Fryer's life back in Texas was spiraling downward as well by the time he reached his teens. His father began drinking more heavily, and was abusive to him and others. When Fryer was in high school, his father was convicted of sexual assault. During this period, he found his niche as a standout athlete. The long football and basketball practice hours kept him out of the house, and later helped him win a college athletic scholarship. But he also led a double life, selling marijuana and carrying a gun. "I didn't care if I lived or died," he said in the interview with Dubner in the New York Times Magazine.

    Fryer's turning point came when he was pulled over by the police, who ordered him out of his car and on the ground, and drew their guns on him. They let him go, but later that day he was invited to come along with some friends who were planning a burglary. He turned them down, and they were caught and jailed for the crime. Fryer tried to keep out of trouble until he left Lewisville for the University of Texas at Arlington. Though he had not been an outstanding student in high school, he was forced to study to keep up, and discovered that not only did he like to learn, but he also seemed to have an aptitude for it. Less than three years later, he earned his undergraduate degree in economics.
    Spoiler:
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    Roland G Fryer, Professor of Economics at Harvard
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    (Original post by PGtips92)
    I'll come to the link first- "bright pupils from poor schools showing the most potential". I wrote this yesterday:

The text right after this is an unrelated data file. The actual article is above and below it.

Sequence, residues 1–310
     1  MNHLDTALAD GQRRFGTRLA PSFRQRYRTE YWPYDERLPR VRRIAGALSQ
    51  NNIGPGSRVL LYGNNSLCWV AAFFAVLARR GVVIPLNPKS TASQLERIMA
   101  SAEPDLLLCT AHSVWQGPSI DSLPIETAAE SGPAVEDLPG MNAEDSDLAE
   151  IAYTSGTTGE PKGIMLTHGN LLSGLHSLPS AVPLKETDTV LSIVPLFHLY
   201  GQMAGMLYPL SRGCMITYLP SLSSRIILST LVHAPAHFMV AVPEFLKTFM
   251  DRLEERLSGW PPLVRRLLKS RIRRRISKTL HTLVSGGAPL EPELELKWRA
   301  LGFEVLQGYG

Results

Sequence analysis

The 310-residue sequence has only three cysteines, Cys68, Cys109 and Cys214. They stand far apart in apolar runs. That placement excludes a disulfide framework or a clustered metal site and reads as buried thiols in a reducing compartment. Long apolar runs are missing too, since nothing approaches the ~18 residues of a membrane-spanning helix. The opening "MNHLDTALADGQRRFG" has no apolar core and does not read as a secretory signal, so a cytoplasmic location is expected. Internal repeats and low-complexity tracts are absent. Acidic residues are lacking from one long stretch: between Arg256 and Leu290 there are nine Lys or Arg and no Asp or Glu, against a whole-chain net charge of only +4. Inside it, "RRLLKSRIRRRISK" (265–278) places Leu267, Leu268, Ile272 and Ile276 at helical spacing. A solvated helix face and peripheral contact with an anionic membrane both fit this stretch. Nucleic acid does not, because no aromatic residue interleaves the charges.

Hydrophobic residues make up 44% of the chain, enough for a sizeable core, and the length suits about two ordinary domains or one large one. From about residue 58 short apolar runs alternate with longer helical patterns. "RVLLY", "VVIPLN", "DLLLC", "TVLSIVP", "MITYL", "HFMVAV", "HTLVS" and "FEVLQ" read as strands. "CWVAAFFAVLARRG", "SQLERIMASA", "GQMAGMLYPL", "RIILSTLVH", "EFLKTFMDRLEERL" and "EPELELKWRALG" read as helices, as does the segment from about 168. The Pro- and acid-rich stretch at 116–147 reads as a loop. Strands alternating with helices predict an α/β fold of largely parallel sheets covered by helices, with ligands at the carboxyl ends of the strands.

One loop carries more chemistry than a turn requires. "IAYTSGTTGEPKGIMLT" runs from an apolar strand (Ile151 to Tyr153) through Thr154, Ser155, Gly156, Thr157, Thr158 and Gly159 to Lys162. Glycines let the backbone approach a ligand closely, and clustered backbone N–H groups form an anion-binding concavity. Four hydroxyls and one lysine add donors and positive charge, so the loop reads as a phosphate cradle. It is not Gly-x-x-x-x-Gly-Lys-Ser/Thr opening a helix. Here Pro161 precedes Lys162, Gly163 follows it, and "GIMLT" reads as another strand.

[I think they should discriminate. They're judging potential as well as achievement, so if ABB students from crappy state school A consistently get better final results than AAB students at top public state school B, then you as an admissions tutor are going to discriminate to get those students with better potential...]
    Is there actually any evidence this is true though, or are admissions tutors simply discriminating because the government is telling them to discriminate? I think it massively undermines the achievements of pupils from good schools who have gotten top grades throughout their academic careers only to be told that they won't get the place they've proven they deserve because of some backwards social engineering scheme designed to win votes.

    I don't think I will ever agree with you on this point: I strongly believe that discrimination based on social background is always wrong. Not only do I have serious moral problems with the policy, but I also think it is an ineffective way of addressing the problem - you don't fight fire with fire, and legalising (and indeed encouraging) discrimination against certain sections of the population will only breed resentment and a sense of 'us versus them' between the private schooled and state schooled.

    I think we're disagreeing because we're talking about 2 types of students, maybe that's my fault.
    - I am talking about genuinely disadvantaged pupils (i.e. not those from top state grammars) who , in my opinion, have every right to blame their failings on their education.
    - I think you're talking about pupils from top state schools who blame their failure to get into Oxbridge on the fact that they didn't have the privilidged education of people from private schools... in which case I agree with you.